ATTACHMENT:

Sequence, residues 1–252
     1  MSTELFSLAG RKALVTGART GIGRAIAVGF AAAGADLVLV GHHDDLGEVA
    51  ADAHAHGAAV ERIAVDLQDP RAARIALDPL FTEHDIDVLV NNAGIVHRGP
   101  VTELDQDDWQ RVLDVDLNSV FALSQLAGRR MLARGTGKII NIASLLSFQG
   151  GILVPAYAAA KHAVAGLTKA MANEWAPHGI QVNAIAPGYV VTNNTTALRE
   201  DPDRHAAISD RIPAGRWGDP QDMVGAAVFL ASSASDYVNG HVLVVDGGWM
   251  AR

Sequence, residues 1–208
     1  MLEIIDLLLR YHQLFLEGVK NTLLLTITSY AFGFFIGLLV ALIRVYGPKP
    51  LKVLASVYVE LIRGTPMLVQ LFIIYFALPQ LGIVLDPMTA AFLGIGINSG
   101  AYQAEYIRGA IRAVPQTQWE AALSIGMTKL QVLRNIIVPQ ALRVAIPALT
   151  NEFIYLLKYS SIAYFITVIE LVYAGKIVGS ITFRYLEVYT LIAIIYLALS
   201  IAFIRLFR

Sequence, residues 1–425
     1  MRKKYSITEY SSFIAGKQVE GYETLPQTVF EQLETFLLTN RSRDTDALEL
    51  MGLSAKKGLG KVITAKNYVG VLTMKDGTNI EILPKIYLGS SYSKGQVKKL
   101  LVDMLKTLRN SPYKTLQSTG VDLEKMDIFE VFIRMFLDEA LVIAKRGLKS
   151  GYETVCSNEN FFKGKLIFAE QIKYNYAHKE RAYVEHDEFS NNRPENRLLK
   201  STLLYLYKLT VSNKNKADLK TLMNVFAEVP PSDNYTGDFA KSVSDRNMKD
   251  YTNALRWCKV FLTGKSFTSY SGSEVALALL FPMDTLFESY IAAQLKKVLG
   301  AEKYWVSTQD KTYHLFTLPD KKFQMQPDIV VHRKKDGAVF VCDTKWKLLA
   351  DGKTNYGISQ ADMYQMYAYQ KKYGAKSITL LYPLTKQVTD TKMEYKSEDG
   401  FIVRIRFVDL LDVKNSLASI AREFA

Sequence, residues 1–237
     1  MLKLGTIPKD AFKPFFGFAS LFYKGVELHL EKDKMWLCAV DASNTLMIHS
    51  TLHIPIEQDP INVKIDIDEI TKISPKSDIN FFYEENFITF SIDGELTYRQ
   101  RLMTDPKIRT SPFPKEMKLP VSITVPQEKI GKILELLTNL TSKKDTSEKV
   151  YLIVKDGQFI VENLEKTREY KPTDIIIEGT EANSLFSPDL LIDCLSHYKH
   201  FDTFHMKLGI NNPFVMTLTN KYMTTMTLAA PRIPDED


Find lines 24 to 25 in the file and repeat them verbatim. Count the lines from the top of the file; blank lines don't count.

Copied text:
Sequence, residues 1–237
     1  MLKLGTIPKD AFKPFFGFAS LFYKGVELHL EKDKMWLCAV DASNTLMIHS